As the mother of four small kids, I’m just not here, yet. However, I can safely say that I honestly don’t know how I might actually react should one of my littles one day ask me to co-sign a loan or a credit card application for him or her. I’d like to say I will not do it because I know better, but these are my kids and so far we’ve done a stellar job raising intelligent, kind, respectful children who I never believe would do a poor job with their own finances. However, the twins are only 2, our middle is 5 and our oldest won’t even be 8 until July; so what do I know about what kind of teens they might be?
Friends of our have teenagers, and this is a subject that they’ve been discussing lately; should they co-sign a car loan for their new college freshmen? She’s got a great job, she’s smart and she’s responsible. However, she’s not happy with the car they bought her when she was 16. She wants something that’s more her taste, and she wants her parents to co-sign a loan on her behalf. They are thinking about it, and it made me do a little research on the dangers of co-signing any kind of financial application or loan for a child of your own – or anyone else, for that matter.
Your Credit is On the Line
The problem with co-signing is that it’s often not something you really think much about. Let’s say you decide to get that car for your daughter by co-signing her loan and she decides she no longer wants to pay for it when spring break comes along and she thinks a trip to Cancun sounds like a more fun way to spend her car payment this month.
Now your credit is on the line. She’s not making the payment, but someone has to. Now that she’s forgone the payment, it will become your responsibility. If you don’t make that payment for her, your credit is affected. What so many people forget is that a co-signer is still legally and financially bound to that item and to make the payments for it when the person actually driving the car or using the credit card begins to forgo payments. Remember – your credit is on the line, too.
There is one thing to consider, though; you will not take a hit on your credit report until you forgo making that payment. Your teen will take the credit hit first. Once the company begins to contact you for payment and you fail to make it; you are the one who ends up paying it or taking a credit hit, too. Are you willing to do that for your child?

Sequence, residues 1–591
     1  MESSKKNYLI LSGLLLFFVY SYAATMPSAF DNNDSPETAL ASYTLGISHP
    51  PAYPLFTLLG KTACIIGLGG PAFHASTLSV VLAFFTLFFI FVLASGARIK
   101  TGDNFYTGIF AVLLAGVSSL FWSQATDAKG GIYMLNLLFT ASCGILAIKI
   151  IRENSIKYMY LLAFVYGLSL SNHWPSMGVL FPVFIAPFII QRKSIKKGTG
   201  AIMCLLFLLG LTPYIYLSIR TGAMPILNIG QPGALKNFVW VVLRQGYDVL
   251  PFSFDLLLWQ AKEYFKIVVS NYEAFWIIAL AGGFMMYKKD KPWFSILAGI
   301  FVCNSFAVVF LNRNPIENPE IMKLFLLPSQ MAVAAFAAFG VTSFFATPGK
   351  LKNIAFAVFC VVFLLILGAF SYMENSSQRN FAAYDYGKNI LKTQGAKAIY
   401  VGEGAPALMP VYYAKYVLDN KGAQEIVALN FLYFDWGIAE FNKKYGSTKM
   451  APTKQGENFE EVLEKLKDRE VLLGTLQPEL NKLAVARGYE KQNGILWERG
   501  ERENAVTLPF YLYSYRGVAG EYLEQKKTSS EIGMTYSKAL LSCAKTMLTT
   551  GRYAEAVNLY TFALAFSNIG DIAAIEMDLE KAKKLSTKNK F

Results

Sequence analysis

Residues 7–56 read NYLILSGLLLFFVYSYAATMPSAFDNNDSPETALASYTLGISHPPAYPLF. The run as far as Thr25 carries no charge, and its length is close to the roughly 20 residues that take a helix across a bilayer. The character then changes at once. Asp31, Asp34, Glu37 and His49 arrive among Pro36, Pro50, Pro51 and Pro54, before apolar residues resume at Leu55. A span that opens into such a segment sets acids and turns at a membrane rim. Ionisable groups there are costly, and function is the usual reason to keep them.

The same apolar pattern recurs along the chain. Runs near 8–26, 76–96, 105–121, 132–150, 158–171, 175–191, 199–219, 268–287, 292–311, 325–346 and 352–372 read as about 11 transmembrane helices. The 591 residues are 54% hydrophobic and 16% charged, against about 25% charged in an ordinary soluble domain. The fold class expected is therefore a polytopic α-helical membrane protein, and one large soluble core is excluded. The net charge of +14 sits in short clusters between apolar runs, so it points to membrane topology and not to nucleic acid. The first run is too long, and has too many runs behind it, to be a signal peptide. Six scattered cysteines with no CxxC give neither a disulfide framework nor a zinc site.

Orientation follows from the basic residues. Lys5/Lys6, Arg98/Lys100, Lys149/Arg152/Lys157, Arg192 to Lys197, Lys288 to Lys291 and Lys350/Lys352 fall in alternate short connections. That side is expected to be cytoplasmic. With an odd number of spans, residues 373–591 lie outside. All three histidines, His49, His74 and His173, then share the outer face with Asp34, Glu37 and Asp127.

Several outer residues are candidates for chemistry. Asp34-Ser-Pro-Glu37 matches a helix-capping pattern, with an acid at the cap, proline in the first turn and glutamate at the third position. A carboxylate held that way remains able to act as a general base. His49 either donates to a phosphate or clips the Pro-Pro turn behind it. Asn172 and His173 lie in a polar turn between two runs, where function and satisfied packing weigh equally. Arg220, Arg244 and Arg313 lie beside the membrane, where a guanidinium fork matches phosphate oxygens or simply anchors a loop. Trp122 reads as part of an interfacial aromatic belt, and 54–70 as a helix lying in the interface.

Instead of co-signing a loan for your teen, why not consider something a little more practical? When it comes to a car, that might be a different story, but we have plenty of options when it comes to credit cards. For one, your child might be able to buy his or her own car if he or she has a credit history. That’s why we love that you can help your child sign up for a secured credit card that will report to the major credit bureaus.
This works by allowing your teen to open up a card with a limit only as much as the amount of money he or she uses as a deposit. If your student decides to offer $300 to the card company, that’s the limit that will go onto the card. Most companies do this to help kids build credit and make a positive credit history. After a year or so, that card might be changed to an unsecured card and now your child has a positive credit history.
Another option is to allow your child to become an authorized user on your credit card. One way to ensure your teens are using the card responsibly and not leaving you with a huge bill at the end of the month is to choose a card with a low limit or to add a limit amount to that particular card. Your teen will build some credit history with this, and that means that he or she will eventually be able to sign for their own loans and car notes; and your credit is not on the line as a result of their behavior.
The best way to ensure your teens are using their money responsibly is to teach them to do so. However, at the end of the day it’s never a good financial move to co-sign a loan for a teenager for a car or even for a credit card. There are too many risks that take years to fix if anything should go wrong. They say you should not do business with family, and that’s probably a good line to use when it comes to something like this, too.
Photo by Getty Images